FAQ: Must Mechanic Liens Be Released, Or Can I Just Let Them Expire?

FAQ: Must Mechanic Liens Be Released, Or Can I Just Let Them Expire?

Short Answer: It’s much better and safer to formerly release your mechanics lien claim if you don’t intend to enforce it.

Long Answer:  As we’ve found from conducting a survey of mechanics lien claimants, most mechanics lien claims are paid without the need for a foreclosure or enforcement action. However, some liens aren’t immediately paid.  And since all mechanic liens expire after a statutory period, that leaves the lien claimant with a decision:

– Should I and Can I File A Mechanics Lien Extension?

– Should I File A Lawsuit To Enforce The Mechanics Lien?

– Should I Give Up And Let The Mechanics Lien Claim Go?

This blog post focuses on this last option, letting the mechanics lien go.

Reasons To Let Your Mechanics Lien Claim Go

Mechanics lien claims are fantastic, they usually result in payment, and if they don’t get you paid, there are lots of reasons to proceed with a foreclosure action and be optimistic about payment.  Sometimes, however, you just want to give up on the claim.

Why?

Well, maybe the value of the mechanics lien isn’t big enough to support legal action, or to put it more simply, the “juice isn’t worth the squeeze.”  Or, maybe you have a great relationship with a contractor who can’t get money from a property owner, and you decide to just not pursue the claim.

Sometimes, its just the right decision to give up on a particular claim or debt and move on to greener pastures. If that’s your decision, you may need to handle your mechanics lien claim.

Formal Cancellation of Mechanic Liens Required Even After Expiration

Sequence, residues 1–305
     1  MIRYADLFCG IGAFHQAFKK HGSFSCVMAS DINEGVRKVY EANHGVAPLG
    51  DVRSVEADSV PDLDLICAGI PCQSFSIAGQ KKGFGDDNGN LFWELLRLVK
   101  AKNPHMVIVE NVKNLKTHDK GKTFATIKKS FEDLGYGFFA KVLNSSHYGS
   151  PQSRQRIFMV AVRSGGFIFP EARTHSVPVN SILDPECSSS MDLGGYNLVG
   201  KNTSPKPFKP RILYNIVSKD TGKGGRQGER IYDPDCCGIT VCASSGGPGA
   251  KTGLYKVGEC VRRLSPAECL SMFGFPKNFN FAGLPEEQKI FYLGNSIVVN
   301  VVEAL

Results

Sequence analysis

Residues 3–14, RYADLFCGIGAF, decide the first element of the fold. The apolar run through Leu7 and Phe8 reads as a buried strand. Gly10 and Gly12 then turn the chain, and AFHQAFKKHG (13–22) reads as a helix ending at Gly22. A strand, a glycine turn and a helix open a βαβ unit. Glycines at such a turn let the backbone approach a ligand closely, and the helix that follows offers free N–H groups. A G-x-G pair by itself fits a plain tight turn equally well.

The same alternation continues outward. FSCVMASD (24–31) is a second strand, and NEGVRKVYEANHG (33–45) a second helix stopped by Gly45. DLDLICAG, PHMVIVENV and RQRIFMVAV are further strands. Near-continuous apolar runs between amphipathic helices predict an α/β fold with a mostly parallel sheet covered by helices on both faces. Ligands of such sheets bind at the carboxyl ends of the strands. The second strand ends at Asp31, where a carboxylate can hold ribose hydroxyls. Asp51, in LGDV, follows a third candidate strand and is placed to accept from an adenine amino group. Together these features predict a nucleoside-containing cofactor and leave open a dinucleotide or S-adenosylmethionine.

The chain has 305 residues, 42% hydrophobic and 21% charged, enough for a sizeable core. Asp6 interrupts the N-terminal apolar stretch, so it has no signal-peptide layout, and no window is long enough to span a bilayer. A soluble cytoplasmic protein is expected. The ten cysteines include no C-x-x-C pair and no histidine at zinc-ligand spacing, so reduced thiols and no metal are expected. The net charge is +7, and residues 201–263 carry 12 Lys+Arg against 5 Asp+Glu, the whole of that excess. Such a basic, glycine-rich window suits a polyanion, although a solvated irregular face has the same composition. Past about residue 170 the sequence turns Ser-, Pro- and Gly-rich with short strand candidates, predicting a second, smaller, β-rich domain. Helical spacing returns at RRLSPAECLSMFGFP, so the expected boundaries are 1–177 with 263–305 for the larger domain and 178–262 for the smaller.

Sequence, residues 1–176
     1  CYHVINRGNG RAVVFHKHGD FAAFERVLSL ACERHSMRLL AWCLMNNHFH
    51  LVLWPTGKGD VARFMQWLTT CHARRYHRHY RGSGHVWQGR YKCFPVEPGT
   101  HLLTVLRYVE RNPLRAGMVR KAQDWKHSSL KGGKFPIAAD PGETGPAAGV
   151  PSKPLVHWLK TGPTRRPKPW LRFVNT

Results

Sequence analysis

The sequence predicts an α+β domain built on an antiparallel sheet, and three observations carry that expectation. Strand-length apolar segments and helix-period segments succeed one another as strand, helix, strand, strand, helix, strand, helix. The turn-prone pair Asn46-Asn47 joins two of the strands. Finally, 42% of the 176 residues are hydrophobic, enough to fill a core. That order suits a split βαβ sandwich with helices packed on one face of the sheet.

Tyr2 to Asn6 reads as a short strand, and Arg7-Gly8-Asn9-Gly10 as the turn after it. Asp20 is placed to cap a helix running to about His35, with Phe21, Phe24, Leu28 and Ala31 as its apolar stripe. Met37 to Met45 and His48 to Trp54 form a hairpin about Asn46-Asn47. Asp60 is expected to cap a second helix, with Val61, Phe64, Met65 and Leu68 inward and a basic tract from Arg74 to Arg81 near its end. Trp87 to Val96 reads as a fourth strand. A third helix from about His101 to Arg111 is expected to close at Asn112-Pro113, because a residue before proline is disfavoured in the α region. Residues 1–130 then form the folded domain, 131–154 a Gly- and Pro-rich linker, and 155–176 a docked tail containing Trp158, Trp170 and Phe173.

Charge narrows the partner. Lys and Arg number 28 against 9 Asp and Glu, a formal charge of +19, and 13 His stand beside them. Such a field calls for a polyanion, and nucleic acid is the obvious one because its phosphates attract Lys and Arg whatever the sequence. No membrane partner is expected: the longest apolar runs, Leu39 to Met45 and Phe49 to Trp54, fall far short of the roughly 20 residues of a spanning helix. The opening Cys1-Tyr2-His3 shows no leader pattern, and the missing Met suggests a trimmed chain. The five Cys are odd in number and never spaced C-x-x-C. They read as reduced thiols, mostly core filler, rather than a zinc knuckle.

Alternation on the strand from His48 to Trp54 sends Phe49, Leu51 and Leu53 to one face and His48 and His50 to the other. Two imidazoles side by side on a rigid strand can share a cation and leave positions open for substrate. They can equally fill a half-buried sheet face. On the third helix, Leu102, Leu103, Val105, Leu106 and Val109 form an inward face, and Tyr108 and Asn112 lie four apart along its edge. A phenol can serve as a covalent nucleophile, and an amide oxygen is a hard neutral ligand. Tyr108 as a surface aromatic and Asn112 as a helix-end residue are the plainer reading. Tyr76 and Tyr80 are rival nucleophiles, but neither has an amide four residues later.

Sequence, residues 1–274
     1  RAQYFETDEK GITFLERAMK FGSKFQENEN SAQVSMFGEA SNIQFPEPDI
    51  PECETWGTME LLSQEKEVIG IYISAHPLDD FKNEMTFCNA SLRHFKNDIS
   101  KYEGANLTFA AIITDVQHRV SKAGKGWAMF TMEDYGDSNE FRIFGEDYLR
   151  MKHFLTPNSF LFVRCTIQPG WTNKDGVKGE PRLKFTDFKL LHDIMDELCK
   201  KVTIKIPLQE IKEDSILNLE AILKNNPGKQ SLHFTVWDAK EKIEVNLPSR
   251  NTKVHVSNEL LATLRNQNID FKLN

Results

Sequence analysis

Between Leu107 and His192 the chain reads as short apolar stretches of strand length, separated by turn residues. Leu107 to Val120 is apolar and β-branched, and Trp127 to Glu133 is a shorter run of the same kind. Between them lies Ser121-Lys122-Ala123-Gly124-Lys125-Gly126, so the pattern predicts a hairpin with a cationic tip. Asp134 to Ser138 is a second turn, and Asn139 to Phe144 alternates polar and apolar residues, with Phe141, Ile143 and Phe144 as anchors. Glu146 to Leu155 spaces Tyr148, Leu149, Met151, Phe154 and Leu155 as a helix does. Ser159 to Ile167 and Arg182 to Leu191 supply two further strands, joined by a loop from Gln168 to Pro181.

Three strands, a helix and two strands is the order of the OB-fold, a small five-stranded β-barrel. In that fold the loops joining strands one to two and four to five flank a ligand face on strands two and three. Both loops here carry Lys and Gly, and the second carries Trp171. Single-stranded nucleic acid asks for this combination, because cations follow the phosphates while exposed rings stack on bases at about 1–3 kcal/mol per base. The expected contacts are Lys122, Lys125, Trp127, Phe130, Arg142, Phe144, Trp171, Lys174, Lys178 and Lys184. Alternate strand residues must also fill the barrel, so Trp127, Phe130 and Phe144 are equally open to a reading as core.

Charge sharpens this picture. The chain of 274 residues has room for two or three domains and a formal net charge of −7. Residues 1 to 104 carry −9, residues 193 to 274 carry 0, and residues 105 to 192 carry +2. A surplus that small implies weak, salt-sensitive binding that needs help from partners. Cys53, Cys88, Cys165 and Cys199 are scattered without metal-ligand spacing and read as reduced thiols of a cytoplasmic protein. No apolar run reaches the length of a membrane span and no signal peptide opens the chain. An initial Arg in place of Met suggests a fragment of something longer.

In most circumstances, it is highly advisable to formally release a mechanics lien claim if you do not intend to pursue it.

There are some states that absolutely require the formal cancellation. These states have laws on the books that require lien claimants to actually file a “lien release” document with the recorders office after a mechanics lien expires. There isn’t a real enforcement mechanism to these laws, except that a property owner could later file a lawsuit to have the lien removed and cite the claimant’s failure to release it.

The states that do not have a formal cancellation requirement written into its statutes, however, are not much different from those that do.

After a mechanics lien expires, the claim itself is not automatically stripped from the county’s records, because that’s just not how county recorders work.  County recorders record things, they don’t ever un-record things. Even a cancellation or release is a recording, not an un-recording.

Anyone doing a title search will stumble upon the mechanics lien filing, even if it is expired. And even though the lien claim may be legally expired, the title searcher will not feel comfortable with the existence of this document unless a cancellation is lodged.  Really, there is good reason for this, as there isn’t a way for the title searcher to know if the document was enforced or not!

So, the property owner will – at some point or another – need that mechanics lien document off the books. The property owner may ask nicely that you do this, or they may file a lawsuit to have the mechanics lien document formally released…and when they do file this lawsuit, it will be against the lien claimant and allege that since the lien is still of record and formally expired, it is “frivolous” and “slandering title.”

You’ll lose this court battle and you may be responsible for costs, attorney fees, and possibly statutory penalties!  It’s a terrible situation to be in and one very, very easily avoided. If you’re giving up on a mechanics lien claim and not pursuing it, release the mechanics lien.

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Scott Wolfe Jr

About Scott Wolfe Jr

Scott Wolfe Jr. is the CEO of zlien, a company that provides software and services to help building material supply and construction companies reduce their credit risk and default receivables through the management of mechanics lien and bond claim compliance. He is also the founding author of The Lien and Credit Journal, a leading online publication about liens, security instruments and getting paid on every account. Scott is a licensed attorney in six states with extensive experience in corporate credit management and collections law, with a specific emphasis on utilizing mechanic liens, UCC filings and other security instruments to protect and manage receivables. You can connect with him via Twitter, LinkedIn and Google+.

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